Investing with social relevance

Philequity Corner - Ignacio B. Gimenez -
The issue on poverty is again hogging the headlines. A recent monitoring report by the World Bank mentioned about inadequate efforts in meeting the Millennium Development goal of halving the poverty rate by 2015. In the local front, the elections campaign has spurred several surveys on the subject. All these have prompted queries as to why poverty remains prevalent despite the positive economic data that the country has been achieving. This only indicates that a lot still needs be done before we can claim that the country has achieved economic deliverance.

Even before these debates and surveys cropped up, poverty alleviation has long been a recurring topic for discussion in Philequity board meetings. Just to give the readers a peek into what goes on in our board meetings, here are some excerpts from the minutes of one of our meetings:

Mr. Washington Sycip: "Beyond the impressive economic data and stock market performance, there has yet to be data to support that these have trickled down to the masses. It seems that it is only the wealthy that has been benefiting from all these."

Mr. Wilson Sy: "That is why attaining a higher GNP growth is important because the present GNP growth rate that we have is not sufficient to ensure that the benefits will trickle down to the poor. We need a higher growth economic growth rate for this to happen."

Mr. Ramon Sy: "It usually takes years before any economic boom filters down to the masses."

Mr. Roberto Lorayes: "Poverty will always exist. Even in countries with high economic growth rate like China and Brazil or in first-world countries, poverty still exists. The poverty rate can be brought down but it can not be eradicated totally.

Mr. Washington Sycip: "I think one hindrance to this is the unabated population growth. That is why the government has to review its population policy."

Mr. Vicente Jayme: "Population itself is not the problem. What matters more is what you do with your population. Remember that development does not take place by itself. It is pursued. The better equipped your population is, the higher chances that you achieve progress. So you have to back your population with a good educational system and a good economic system."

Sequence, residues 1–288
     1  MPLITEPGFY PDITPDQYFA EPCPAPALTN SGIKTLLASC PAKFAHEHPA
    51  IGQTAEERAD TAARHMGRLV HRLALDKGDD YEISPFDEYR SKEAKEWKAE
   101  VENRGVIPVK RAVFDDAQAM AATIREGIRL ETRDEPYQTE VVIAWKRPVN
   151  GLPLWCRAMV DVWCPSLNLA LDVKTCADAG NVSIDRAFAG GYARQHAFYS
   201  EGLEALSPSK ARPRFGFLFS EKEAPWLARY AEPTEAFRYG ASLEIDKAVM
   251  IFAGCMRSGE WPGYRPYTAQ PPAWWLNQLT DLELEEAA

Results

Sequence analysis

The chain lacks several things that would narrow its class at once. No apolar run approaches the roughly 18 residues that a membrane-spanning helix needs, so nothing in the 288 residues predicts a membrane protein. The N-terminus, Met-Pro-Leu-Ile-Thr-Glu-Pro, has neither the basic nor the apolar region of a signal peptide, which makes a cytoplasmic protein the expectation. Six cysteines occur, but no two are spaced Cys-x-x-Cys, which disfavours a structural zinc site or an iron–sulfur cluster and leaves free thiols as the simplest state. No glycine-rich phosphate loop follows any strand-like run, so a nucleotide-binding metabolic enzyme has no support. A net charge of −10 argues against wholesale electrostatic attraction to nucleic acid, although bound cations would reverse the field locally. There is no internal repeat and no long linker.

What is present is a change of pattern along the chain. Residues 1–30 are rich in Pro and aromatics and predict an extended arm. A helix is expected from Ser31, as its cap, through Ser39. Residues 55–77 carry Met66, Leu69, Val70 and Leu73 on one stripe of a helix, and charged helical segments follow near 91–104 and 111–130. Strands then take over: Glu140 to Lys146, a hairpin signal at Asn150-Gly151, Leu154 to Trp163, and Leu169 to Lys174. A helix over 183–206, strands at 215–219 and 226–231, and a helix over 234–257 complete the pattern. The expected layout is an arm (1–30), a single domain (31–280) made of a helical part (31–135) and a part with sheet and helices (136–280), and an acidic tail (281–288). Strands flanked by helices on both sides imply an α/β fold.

Dr. Enrique Esteban: "Population can even be an asset. Look at China and India. What makes them attractive and exciting to investors are their population numbers. At the end of the day, it is purchasing power that is more indicative of people’s economic standing. We should be looking at it instead of just the macro-economic growth rate."
Poverty alleviation: Everyone’s aim
Note that the individuals quoted above come from different disciplines and are highly regarded in their respective fields. Mr. Washington Sycip, founder of SGV & Co., is one of the most sought-after consultants by local and foreign businessmen, politicians and the academe. Mr. Vicente Jayme is a former Finance Secretary and Mr. Enrique Esteban has a doctorate in development management and was the former president of the University of Asia and the Pacific. Meanwhile, Mr. Ramon Sy is a seasoned banker while Mr. Wilson Sy and Roberto Lorayes are expert stockbrokers and former chairmen of the Philippine Stock Exchange.

Sure, they offer differing views but all are one in dreaming of licking the poverty problem of the country. The debate on how to ease poverty can go on and on. But the more important question is: what do we have to contribute towards achieving our goal?
Philequity’s mission
On Philequity’s part, our primary preoccupation is to provide our investors the best value for their money. But just as important is our concern of making the benefits available even to the low-income groups. These guiding principles are just as applicable now as when a group of individuals formed Philequity in 1994.

The Philequity’s mutual fund was borne out of the desire of a group of individuals to create an alternative investment vehicle that can provide better returns than the traditional instruments. Just as important was the need to make this instrument accessible even to small investors.

Today, in our own small way, we are trying to bring social relevance to investing. One way of achieving this is to maintain a low investment requirement. This probably goes against management principles regarding being cost efficient in doing business. But we thought that this may be the only way make the fund accessible to low-income investors and allow them to participate and benefit from any market upturn.

Our decision to write a column every week to impart our humble opinion on various topics affecting investments is yet another way. Of late, we have also been incorporating investment basics into our columns for the benefit of our readers. We hope that this can encourage them to read further on these topics thereby enabling them to eventually become savvy and informed investors. In the long-run, we hope that this too will help in the development of our capital markets.

For comments and inquiries, you can email us at [email protected] or [email protected].

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